April 12, 2024

Nigeria detains two senior Binance executives

Nigeria detains two senior Binance executives

Nigeria detains two senior Binance executives

Nigeria detained two senior Binance executives, Tigran Gambaryan, an American who leads the crypto exchange’s criminal investigations, and Nadeem Anjarwalla, a British-Kenyan serving as the regional manager for Africa. Authorities took them into custody on February 26 as they arrived in Nigeria to engage in talks amid a government-imposed ban on Binance and similar cryptocurrency platforms. Their passports were seized, and they now find themselves confined within a government facility in Abuja, without any formal charges or explanations given for their detention.

This arrest is set against the backdrop of one of Nigeria’s most severe economic downturns, with the national currency, the naira, having depreciated by over 200% against the dollar in the last year. This depreciation has fueled widespread public discontent and demonstrations throughout the country. The government has linked the detention of the Binance executives to accusations of economic sabotage and security concerns. They argue that cryptocurrency platforms like Binance have been used for speculative trading and money laundering, activities believed to exacerbate the naira’s decline.

Moreover, the Nigerian government is probing Binance for $26 billion in transactions deemed suspicious over the preceding year, challenging the Central Bank of Nigeria with the task of identifying the parties involved in these transactions via Binance Nigeria.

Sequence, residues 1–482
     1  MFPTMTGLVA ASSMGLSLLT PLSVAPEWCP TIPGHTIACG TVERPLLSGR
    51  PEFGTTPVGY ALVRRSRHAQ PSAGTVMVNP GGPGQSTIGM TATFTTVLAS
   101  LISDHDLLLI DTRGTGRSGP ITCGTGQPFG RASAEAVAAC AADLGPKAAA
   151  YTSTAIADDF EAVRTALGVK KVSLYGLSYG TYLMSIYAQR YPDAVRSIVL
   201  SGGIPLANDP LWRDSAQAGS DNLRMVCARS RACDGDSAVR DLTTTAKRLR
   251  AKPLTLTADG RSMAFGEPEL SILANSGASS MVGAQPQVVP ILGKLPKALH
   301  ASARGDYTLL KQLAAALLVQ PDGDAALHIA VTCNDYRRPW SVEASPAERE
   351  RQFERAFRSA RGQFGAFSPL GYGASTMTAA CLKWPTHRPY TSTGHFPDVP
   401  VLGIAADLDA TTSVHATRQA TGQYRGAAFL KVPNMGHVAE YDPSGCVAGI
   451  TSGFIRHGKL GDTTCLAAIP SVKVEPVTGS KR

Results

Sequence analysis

Just today the Federal High Court of Nigeria ordered Binance to provide the EFCC with comprehensive information on persons of interest from Nigeria trading on its platform.

Binance data says millions, not billions

However, according to data provided by Binance to the ONSA (Office of National Security Adviser), Nigerian trading volume on the platform in 2023 alone amounted to $21.6 million. “Million”, not “Billion” like the Nigerian government claims.

Also Ndubuisi Ekekwe, professor at the Faculty of Tekedia Institute, noticed this.

A presidential advisor in Nigeria indicated that the detained Binance executives have been cooperating extensively, providing valuable information. He hinted that as a punitive measure for significantly impacting the country’s economy, Nigeria is considering levying a $10 billion fine against them. This amount, however, is not set in stone and is viewed more as a negotiation starting point rather than a definitive penalty.